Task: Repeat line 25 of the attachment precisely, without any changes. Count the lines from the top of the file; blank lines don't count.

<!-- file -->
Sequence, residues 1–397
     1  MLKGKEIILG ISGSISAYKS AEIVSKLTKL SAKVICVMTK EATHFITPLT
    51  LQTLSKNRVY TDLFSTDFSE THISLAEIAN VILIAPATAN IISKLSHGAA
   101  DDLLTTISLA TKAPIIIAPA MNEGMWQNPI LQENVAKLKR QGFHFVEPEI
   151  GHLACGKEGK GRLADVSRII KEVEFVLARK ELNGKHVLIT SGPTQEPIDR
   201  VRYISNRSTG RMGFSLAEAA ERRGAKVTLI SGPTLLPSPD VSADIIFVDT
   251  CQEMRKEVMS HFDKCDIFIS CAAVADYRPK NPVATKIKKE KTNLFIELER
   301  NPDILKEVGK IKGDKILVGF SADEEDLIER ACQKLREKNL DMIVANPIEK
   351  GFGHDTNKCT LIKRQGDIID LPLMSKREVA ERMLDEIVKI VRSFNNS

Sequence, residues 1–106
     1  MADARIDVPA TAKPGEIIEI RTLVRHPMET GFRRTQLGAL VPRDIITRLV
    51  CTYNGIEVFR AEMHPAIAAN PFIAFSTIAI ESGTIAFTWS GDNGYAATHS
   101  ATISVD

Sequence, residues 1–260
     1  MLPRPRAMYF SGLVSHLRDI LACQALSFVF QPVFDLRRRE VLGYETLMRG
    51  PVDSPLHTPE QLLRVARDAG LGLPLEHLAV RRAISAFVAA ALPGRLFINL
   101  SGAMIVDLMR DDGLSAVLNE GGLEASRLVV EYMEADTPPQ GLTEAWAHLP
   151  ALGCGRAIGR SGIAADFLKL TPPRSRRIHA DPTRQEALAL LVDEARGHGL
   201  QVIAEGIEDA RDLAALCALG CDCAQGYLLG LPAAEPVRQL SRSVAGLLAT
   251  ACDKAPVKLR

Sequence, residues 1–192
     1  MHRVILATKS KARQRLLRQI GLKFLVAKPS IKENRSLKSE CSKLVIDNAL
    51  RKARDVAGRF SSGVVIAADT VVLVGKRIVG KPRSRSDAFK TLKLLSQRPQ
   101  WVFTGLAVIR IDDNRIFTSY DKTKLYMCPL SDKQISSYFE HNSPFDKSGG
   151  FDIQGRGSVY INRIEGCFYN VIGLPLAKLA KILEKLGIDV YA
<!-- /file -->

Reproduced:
   151  FDIQGRGSVY INRIEGCFYN VIGLPLAKLA KILEKLGIDV YA